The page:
Larry Ellis

Last week we took a look at the nuances of hooking up a naked (straight bait) anchovy in a spinnerbait/anchovy rig that is used for trolling in estuaries in the Pacific Northwest such as the Rogue Bay or the mouth of the Chetco River.

This week we will look at some tips and tricks at rigging up this baitfish powerhouse and the finer points of trolling this rig in the aforementioned bays.

For the best results, rig up exactly this way.

First of all, the leader should be made of 25- to 30-pound monofilament, with my preference being 25-pound test, and the leader should be exactly 60 inches (5 feet) long. Lex’s Landing in Gold Beach sells straight bait setups rigged exactly this way.

I also recommend using two, six-bead bead-chain swivels leading to the leader in order to prevent line twist.

Resist the temptation to put the second bead-chain swivel in the middle of the leader. Doing so prevents the continuity, practicality and effectiveness of using a full 5-foot leader because metal is heavier than monofilament. I also firmly believe that salmon can see the second bead chain, preventing possible strikes from occurring.

To most effectively use the double six-bead bead-chain setup, make sure the first bead-chain swivel comes already attached to the leader end of your wire spreader. On the end of the first bead-chain swivel, tie an 8- to 10-inch piece of 40-pound monofilament.

At the end of this short piece of monofilament, tie your second six-bead bead-chain swivel. I like to tie a small Duo-Lock snap to the beginning of the 5-foot leader so you can interchange leaders easily as needed. Lex’s straight bait leaders already have one of these snaps tied on the beginning of the leader.

Trust me, this way of hooking up a double bead-chain swivel setup really works well. It worked really well on guide Jack Hanson’s boat last week when three of us each tagged a large wild salmon on the Chetco.

I really prefer using a strait bait anchovy whenever possible, and I prefer it because you can put a faster, tighter spin on the anchovy and troll it slower than usual, yet still get that fast-as-a-drill bit spin. Chinook basically like things trolled as slowly as possible and they will attack these rapidly-spinning baits that barely crawl through the water column with gusto.

Don’t get me wrong. You will still want to carry plenty of the standard beaded spinnerbait/anchovy rigs that allow you to interchange spinner blades rapidly, and there are times when they will get bit more often. A naked anchovy will get more strikes because it allows you to troll it slower than its beaded cousin.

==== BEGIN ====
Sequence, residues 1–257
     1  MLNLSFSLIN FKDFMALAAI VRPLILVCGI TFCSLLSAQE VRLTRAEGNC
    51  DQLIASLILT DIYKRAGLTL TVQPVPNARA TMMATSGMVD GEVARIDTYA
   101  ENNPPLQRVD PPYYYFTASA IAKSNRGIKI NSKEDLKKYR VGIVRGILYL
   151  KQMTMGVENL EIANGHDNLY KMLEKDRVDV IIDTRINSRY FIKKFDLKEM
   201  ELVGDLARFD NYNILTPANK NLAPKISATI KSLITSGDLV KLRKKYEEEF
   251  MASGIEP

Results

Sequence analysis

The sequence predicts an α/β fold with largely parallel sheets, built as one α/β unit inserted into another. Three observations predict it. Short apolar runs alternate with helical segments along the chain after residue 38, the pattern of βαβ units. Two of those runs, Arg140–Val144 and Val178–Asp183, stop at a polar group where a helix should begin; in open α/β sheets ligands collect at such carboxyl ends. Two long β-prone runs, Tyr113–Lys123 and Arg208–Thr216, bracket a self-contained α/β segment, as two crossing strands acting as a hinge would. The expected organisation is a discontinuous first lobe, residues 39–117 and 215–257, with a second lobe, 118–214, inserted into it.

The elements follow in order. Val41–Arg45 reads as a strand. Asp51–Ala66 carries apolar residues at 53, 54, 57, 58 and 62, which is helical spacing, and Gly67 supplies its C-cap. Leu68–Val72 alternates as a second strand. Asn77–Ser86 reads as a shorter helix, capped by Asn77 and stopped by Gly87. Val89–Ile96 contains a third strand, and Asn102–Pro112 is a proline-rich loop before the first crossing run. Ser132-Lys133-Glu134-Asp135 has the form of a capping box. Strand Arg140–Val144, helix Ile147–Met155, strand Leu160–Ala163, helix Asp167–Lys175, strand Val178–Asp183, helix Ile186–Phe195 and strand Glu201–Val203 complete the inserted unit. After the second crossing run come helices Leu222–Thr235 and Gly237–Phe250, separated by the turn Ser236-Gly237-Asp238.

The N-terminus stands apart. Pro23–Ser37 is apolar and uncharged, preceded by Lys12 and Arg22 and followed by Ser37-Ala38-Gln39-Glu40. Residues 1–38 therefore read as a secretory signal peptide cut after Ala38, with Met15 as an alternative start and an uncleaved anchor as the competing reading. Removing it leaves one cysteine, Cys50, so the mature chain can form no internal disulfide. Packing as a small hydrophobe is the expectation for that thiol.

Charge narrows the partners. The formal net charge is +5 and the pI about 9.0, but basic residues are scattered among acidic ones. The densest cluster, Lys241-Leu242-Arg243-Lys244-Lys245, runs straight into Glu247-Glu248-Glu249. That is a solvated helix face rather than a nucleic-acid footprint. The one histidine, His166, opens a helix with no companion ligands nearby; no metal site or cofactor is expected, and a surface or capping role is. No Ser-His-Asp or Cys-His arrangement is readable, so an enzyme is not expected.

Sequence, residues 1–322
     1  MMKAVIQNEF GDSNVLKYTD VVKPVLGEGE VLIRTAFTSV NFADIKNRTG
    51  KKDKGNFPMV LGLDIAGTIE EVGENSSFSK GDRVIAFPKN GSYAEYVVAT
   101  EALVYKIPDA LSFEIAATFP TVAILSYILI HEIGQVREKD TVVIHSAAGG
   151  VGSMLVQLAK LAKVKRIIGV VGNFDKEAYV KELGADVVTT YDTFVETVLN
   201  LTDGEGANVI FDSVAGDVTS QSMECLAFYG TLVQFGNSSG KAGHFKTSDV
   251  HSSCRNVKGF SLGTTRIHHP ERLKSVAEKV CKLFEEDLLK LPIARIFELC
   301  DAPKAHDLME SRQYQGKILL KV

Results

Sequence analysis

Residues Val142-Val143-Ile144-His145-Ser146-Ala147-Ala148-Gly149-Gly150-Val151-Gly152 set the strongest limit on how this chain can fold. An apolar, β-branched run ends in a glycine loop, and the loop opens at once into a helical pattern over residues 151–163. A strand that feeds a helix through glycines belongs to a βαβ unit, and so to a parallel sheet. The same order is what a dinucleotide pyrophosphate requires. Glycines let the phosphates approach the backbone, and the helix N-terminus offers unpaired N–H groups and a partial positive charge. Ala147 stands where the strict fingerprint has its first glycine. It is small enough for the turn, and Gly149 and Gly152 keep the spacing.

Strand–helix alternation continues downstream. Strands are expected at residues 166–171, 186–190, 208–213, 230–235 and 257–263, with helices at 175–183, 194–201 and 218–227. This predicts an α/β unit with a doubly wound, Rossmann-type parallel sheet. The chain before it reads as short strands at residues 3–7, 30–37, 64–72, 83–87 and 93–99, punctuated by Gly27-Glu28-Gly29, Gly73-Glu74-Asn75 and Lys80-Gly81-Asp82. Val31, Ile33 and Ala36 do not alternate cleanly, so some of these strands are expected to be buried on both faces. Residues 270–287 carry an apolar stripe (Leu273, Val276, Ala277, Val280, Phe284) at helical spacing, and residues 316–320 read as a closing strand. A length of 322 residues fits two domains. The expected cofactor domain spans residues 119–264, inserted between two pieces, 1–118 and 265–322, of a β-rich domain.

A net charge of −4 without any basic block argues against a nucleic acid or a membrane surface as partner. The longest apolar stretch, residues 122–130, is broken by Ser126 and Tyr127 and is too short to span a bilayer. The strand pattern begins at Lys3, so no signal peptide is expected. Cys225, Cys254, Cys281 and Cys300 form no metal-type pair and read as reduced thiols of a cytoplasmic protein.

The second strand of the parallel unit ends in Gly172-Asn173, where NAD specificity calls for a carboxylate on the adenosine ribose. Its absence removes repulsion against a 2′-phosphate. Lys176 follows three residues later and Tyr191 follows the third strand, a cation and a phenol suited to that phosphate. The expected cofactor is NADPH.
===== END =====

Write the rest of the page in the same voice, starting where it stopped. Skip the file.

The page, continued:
If possible, I also like to use a wire spreader that already has a bead-chain swivel attached to the leader end, and with all the moss that’s been plaguing the estuaries, I also like to use a plastic bead-chain moss protector. If you can’t find these things, Larry at Lex’s will make one up for you for a nominal fee.

On the end of your 20-inch dropper of 15-pound monofilament, snap or loop on a cannonball sinker ranging from 2 to 4 ounces.

If you are trolling against a strong current, then use a heavier sinker. If the current is weaker, such as within 1/2 hour of the peaks of high or low tide, or if you are trolling with the current, switch to a lighter sinker.

At the Rogue Bay, the typical drill is to troll closer to the lower end of the bay near the cat houses and the sand spit at low tide, and as the tide progresses, troll farther up the bay in front of Jot’s Resort, under the Patterson Bridge and in front of Lex’s Landing near Indian Creek. But all these rules were made to be broken.


A large school of anchovies moved into the Chetco Bay a few weeks ago, and with the baitfish, Chinook followed. Folks have been hooking up using straight bait rigs, and some bankies have been doing well using 1-ounce Krocodile spoons — I saw it happen in real time!

“The scent of the anchovies have been drawing salmon into the Chetco Bay,” said guide Jack Hanson of Jack’s Guide Service.

When Jack isn’t clobbering springers on the Klamath or the Rogue, he has been hammering kings in the Chetco Bay using the aforementioned straight bait setups with the only exception being that Hanson prefers using the Glido Sliding Spreader.

I was one of the lucky anglers who got a 20-pound salmon last week while fishing with Hanson.

I think my next book will be entitled “I Do Know Jack — and He’s One Heck of a Fisherman!”

Remember on the Chetco, the limit is only one wild Chinook a day — five wild Chinook per year. Hatchery kings can make up the other half of the limit.

Tight lines!